I would say pretty much in line. We estimated emerging markets would be a slower impact not as pronounced as it was in prior years and we’re seeing that play out now as we expected. Inventory contraction we expected it to play out, we’ve seen it a little it. Pricing, you may remember that we don’t really base much of our growth projections on heavy reliance on pricing so it’s never a major factor when we look our outlook for the years ahead or in the future.
David Lewis – Morgan Stanley
I don’t think I caught on orthopedics the specific OUS breakout for knees.
The US is 4% in knees; OUS is 2% for a total of 3%.
Your last question comes from Glenn Novarro – RBC
Glenn Novarro – RBC
On Pharma, were there any price increases on any of the products in the quarter? On Topamax as it goes generic is it going to be, should we assume 80% to 90% of the brand just goes away when the first quarter or two, will there be any brand loyalty? Can you give us an update on what we should expect R&D as a percent of sales to be for the Corporation this year?
Yes there was some pricing in the first quarter for pharmaceutical products but not anything that I want to speak about specifically but it’s really not that significant overall for the business. With respect to Topamax, we would model it like you would any generic entry but obviously we’re hopeful that there is some loyalty to a fabulous product over many, many years. It has both an anti-epileptic effect and a migraine effect. I would say we’ll probably look at it as any other generic competition coming to the market.
With the anti-epileptic market it may be a slightly smaller erosion curve but remember the majority of Topamax was for migraine.
I can’t give you a specific target for R&D expense going forward other than the comments that we made earlier that we would expect the R&D expense in the Pharma business to moderate closer to the industry norms over time and they have been as you’ve seen in our published reports higher then the industry norms over the last several years.
Glenn Novarro – RBC
From a modeling point of view on R&D we should expect it to tick up though for the rest of the year with always the fourth quarter traditionally being the biggest quarter for the year. I’m just trying to get an idea of the R&D expenses because it did come in significantly less then I was thinking for the first quarter.
We don’t comment on each and every line in the P&L because we have a great deal of flexibility on how we manage those lines throughout the year. Other than to say we expect our, as I said earlier, operating profit margins to improve year over year but not to the extent that we saw in the first quarter. I’d just leave it at that.
Some final comments from Dominic.
In closing let me just offer these final thoughts. Many of the factors that were anticipated to impact our results for 2009 are playing out as we expected. As I noted earlier the underlying growth for the business is solid, especially in this economy. While we recognize there are challenging factors in today’s economic environment such as currency volatility and uncertainty surrounding the depth and length of the current recession, we remain financially strong and well positioned for long term profitable growth.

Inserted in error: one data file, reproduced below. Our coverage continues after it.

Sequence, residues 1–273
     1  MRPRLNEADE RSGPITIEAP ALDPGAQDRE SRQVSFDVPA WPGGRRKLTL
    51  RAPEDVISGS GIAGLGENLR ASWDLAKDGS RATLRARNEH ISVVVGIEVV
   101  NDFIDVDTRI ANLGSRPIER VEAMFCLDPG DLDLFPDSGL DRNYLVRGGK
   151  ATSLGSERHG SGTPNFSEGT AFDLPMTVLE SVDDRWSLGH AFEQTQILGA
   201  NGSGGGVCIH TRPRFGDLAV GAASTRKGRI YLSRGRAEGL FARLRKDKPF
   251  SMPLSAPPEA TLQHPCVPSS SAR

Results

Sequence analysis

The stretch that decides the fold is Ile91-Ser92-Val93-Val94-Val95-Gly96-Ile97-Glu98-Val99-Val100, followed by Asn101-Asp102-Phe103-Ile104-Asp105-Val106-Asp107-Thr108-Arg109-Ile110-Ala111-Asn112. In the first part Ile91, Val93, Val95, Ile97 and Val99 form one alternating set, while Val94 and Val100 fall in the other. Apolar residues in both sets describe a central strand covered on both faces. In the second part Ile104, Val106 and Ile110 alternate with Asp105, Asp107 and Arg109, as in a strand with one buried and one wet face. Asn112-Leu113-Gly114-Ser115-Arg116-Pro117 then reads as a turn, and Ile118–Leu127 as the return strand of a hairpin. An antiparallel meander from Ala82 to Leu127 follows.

I am confident in our ability to address the matters we can control, continue bringing innovative products to the market and thoughtfully managing our costs and expenses as we progress through 2009, thanks to the dedication and focus of the talented people across the Johnson & Johnson family of companies. We remain committed to growing the business profitably over the long term and taking advantage of the current period to become an even stronger more competitive leader in the global healthcare industry.
I look forward to updating you on our progress throughout the year and I look forward to seeing you at our pharmaceutical business review on June 4th. Thanks everyone and have a great day.
This concludes today’s Johnson & Johnson First Quarter 2009 Earnings Conference Call. You may now disconnect.
Copyright policy: All transcripts on this site are the copyright of Seeking Alpha. However, we view them as an important resource for bloggers and journalists, and are excited to contribute to the democratization of financial information on the Internet. (Until now investors have had to pay thousands of dollars in subscription fees for transcripts.) So our reproduction policy is as follows: You may quote up to 400 words of any transcript on the condition that you attribute the transcript to Seeking Alpha and either link to the original transcript or to www.SeekingAlpha.com. All other use is prohibited.
THE INFORMATION CONTAINED HERE IS A TEXTUAL REPRESENTATION OF THE APPLICABLE COMPANY'S CONFERENCE CALL, CONFERENCE PRESENTATION OR OTHER AUDIO PRESENTATION, AND WHILE EFFORTS ARE MADE TO PROVIDE AN ACCURATE TRANSCRIPTION, THERE MAY BE MATERIAL ERRORS, OMISSIONS, OR INACCURACIES IN THE REPORTING OF THE SUBSTANCE OF THE AUDIO PRESENTATIONS. IN NO WAY DOES SEEKING ALPHA ASSUME ANY RESPONSIBILITY FOR ANY INVESTMENT OR OTHER DECISIONS MADE BASED UPON THE INFORMATION PROVIDED ON THIS WEB SITE OR IN ANY TRANSCRIPT. USERS ARE ADVISED TO REVIEW THE APPLICABLE COMPANY'S AUDIO PRESENTATION ITSELF AND THE APPLICABLE COMPANY'S SEC FILINGS BEFORE MAKING ANY INVESTMENT OR OTHER DECISIONS.
If you have any additional questions about our online transcripts, please contact us at: firstname.lastname@example.org. Thank you!